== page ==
Homework 6 -- SnakeOS
CSE240 - Introduction to Computer Architecture
Autumn 2006

Due: Friday, November 3rd, 2006 at 11:59pm

Finally! Let's get to writing Snake. In the next two assignments, you will build a working game from the ground up. This first assignment consists of creating the SnakeOS, the operating system that will handle all of the I/O routines for Snake. The next assignment consists of writing the game logic.

The operations that a program can ask the operating system to perform are: (1) drawing a rectangle on the screen, (2) checking the color of a pixel, (3) generating a random number, and (4) checking for keyboard and timer input. These operations are the fundamental pieces that allow us to build up more complex functionalities in the next assignment. User-level (non-privileged) programs invoke these four operating systems operations using the TRAP instruction. As such, the code you write in this assignment will be in the form of trap handling routines.

Background Information

Some important background information for this assignment:

Important files:All of the files you'll need for the assignment are available in a hw6code.zip Zip archive. You can also view the snakeos.asm template file.

Video console interface: The video console is directly linked to a region of addressable memory, namely xC000 to xFDFF. Every row is 128 dots (also called pixels) across, and there are 124 rows in total, which gives us a 128x124 screen to work with. Each pixel is linked to one memory address, so xC000 is the pixel on the top left corner, xC001 is the pixel to the right of it, and so on. Since 128 is x0080 in hex, xC000 + x0080 = xC080 is the location of the leftmost pixel on the second row from the top, and xC000 + 2*x0080 = xC100 would be the next pixel down. In general, you can use the following formula to calculate which address of a pixel:

    address = xC000 + (y_coordinate * 128) + x_coordinate

Color encoding: Each location holds a 16-bit value which determines the color of that pixel. The high-order bit is ignored, and the remaining 15 bits specify the color, using a 5-bit values for each of red [14:10], green [9:5], and blue [4:0].

Coordinate systems: This code uses just the video console coordinates. This system is zero based (that is, the top-most row is row 0 and the left-most column is column 0). Thus, if you start your rows and columns at 1, you'll be off by quite a bit by the time you're done.

New instructions:We've added some new instructions to the LC-3 to make writing LC-3 code easier.

Register Saving/Restoring: You will notice, in the stubs provided in snakeos.asm that each trap begins with a register saving section and ends with a register restoring section. This saving and restoring is done because the caller expects register values to be preserved when the trap returns. Because no traps call each other recursively, we won't have to worry about the values saved being overwritten.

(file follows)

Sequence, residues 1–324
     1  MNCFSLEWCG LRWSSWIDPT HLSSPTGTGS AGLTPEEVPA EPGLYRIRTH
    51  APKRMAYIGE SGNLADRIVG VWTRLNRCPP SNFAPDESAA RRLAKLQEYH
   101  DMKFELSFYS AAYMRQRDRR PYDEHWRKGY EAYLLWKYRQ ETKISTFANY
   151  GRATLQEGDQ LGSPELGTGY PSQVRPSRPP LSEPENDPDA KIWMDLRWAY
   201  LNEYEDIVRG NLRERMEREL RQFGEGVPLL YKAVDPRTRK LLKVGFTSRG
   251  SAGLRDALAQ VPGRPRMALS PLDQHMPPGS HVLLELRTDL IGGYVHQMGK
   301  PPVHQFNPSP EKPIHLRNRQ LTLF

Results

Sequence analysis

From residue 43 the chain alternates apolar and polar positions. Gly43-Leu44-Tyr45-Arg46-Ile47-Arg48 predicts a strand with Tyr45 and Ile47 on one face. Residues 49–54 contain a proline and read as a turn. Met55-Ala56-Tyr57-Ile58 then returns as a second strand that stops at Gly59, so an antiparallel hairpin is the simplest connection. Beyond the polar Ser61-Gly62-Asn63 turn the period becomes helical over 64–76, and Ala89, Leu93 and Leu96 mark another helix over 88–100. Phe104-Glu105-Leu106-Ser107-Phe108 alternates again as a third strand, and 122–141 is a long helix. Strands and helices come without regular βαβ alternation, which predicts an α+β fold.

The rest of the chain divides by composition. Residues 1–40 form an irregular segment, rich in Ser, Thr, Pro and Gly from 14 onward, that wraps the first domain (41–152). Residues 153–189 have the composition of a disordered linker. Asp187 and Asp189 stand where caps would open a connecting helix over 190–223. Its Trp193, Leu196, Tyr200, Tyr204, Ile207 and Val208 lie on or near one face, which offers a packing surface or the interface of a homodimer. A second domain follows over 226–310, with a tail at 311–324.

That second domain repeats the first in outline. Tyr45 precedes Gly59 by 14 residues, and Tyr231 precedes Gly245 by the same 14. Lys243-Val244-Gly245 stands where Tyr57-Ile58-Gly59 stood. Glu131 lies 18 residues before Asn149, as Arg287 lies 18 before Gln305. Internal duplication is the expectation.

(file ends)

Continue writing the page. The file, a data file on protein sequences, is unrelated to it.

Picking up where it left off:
Memory-mapped Timer:We've extended the LC-3 architecture with a timer device, so we can actually know when to move the snakes! This timer, as with the other I/O devices like the keyboard or display, is memory-mapped. Initially, the Timer Status Register (TSR) is set to 0. Every time the timer goes off, the TSR is set to 1. When any instruction reads from the TSR, it resets itself back to 0 until the next time the timer expires.

There is also a second register associated with the timer that can be useful. The Timer Interval Register (TIR) tells the simulator how short or long the timer interval is. In fact, it specifies the amount of time in milliseconds between each timer clock tick. However, there is a special case; if the register contains the value 0, then the timer will never expire and hence is disabled. Disabling the timer is useful when debugging.

Operating System Template: We're giving you a basic operating system template to which you can add your code. The template is called snakeos.asm. Based on this template, your implementation of the SnakeOS operating system will have three sections. Of these three sections you'll only need to modify the third and final section.

  1. The TRAP/interrupt vector table: The TRAP vector table is the first 256 16-bit location in memory that determines the next PC when a TRAP instruction is called. This table begins at memory location x0000. Immediately following the TRAP vector table is the 256-entry interrupt vector table (which we won't be using in this project, but we need to leave space for it).
  2. System initialization code: The portion of memory immediately following the vector tables is the system initialization code. The start of this portion of memory (memory location x0200) is the initial PC when the processor is first started. Thus, after loading the operating system into the LC-3 simulator, when you press "continue", the execution will commence from 0x0200. The code present in the template sets the memory protection register and jumps to PC x3000. This location marks the start of the unprivileged user-level program. For this assignment, the user-level program are simple test programs; in the next assignment, the user-level programs will be the Pentris game code.